Size: Nile Monitors hatch out of the egg at about 8"
long, but will grow very fast. In just one year they can grow from 8" to 36". Adults can grow as big as 7' but 5-6' is the
average. Babies to 4' juveniles can be held but once they become adults they are more like a dog. It can be uncomfortable
to you and the lizard to pick them up, but that doesn't mean you can't interact with them. You can still sit with them and
even take them outside to play. (Please note that most Niles will not tame down completely.)
Food: Nile Monitors love to eat. In fact, eating
is their favorite passtime (aside from tail-whipping their owner). Baby Niles should be fed as many crickets
as they will eat daily. Along with that, once a week they should be given about an ounce of raw ground turkey and 1 or
2 pinky mice per week. Alternate the days they will receive these food items to offer variety. Continue on
this regimen until they are around 6 months of age. At this point you will alter their diet. Crickets are no longer desirable
to the Monitor at this stage of growth. They will now require a steady diet of rats and raw ground turkey to be given
every other day. The older they get, the more they consume. In fact, they can consume up to $100 in food as
adults every month.
Caging: Considering the growth rate of a Nile Monitor,
you may want to build an adult sized cage which should measure at least 12' in length, 5' in depth and 4' in
height, to start with. That way, you won't have to keep buying new cages every couple of months. Keep in mind, you will need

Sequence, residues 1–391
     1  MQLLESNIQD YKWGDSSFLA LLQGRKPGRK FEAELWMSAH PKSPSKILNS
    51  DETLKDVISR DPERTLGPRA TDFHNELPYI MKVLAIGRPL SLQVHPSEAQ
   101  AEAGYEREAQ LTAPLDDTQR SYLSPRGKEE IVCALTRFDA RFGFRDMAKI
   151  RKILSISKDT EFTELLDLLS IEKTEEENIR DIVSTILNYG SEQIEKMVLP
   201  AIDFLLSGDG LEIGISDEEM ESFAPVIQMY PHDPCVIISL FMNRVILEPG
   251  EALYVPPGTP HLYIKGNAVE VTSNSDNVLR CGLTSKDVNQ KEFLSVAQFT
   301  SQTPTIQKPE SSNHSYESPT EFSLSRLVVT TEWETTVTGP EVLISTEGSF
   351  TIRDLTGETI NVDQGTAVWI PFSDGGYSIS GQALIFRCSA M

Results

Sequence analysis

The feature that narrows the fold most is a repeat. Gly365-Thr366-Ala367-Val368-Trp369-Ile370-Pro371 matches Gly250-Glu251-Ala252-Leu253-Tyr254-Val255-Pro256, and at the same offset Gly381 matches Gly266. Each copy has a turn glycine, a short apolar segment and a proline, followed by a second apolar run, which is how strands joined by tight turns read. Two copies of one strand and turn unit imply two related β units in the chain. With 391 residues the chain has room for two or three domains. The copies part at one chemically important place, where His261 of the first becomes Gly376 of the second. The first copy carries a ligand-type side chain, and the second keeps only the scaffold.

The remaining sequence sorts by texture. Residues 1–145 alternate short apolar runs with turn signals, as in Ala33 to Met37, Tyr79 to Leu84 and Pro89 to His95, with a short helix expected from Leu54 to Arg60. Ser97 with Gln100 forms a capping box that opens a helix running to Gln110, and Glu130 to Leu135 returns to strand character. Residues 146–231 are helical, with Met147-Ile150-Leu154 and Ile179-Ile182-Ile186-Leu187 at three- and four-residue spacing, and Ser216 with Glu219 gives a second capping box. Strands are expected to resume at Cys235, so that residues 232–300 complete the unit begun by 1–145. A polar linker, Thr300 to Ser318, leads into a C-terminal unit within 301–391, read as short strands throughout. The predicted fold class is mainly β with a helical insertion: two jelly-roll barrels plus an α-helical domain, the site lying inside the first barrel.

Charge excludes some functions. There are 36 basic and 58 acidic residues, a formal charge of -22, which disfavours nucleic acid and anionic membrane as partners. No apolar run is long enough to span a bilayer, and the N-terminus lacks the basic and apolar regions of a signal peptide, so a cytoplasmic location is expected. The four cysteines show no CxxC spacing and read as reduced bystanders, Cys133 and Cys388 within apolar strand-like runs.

to provide a proper hiding place, a source of clean, fresh water, and a sufficiently warm area to bask.
Substrate: Niles, like all other monitors, like to dig.
The preferred substrate for Niles is Cypress Mulch. If you cannot find Cypress Mulch, Orchid Bark is a great substitute.
You must provide a depth that will allow the monitor to burrow comfortably. I would suggest a depth of 4-6" for babies,
8-12" for juveniles, and at least 24" for adults.
Heating & Lighting: Nile Monitors, like all herptiles,
are ectothermic, meaning they rely on outside sources of heat to warm their blood. I would recommend using a heat light to
provide a basking spot. The basking spot should reach around 120 degrees for babies and up to 150 degrees for adults. As far
as lighting, there is no scientific proof that monitors need UV lighting. But if you wish to provide them with UV anyway,
make sure it is only on during the day, for up to 12 hours.